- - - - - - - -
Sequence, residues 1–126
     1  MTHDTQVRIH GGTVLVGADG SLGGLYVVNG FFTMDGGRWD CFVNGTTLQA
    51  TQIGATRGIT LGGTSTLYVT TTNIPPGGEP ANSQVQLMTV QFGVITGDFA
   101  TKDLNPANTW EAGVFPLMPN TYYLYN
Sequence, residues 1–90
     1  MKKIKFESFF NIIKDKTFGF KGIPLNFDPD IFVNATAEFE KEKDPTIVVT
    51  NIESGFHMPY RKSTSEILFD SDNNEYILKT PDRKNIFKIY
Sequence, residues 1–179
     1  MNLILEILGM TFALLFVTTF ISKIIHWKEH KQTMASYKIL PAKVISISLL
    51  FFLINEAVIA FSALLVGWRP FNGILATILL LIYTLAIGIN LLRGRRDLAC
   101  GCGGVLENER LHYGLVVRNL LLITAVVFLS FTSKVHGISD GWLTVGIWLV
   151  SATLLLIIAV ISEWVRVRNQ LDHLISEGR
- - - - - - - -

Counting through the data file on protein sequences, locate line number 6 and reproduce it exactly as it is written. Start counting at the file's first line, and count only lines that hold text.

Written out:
     1  MKKIKFESFF NIIKDKTFGF KGIPLNFDPD IFVNATAEFE KEKDPTIVVT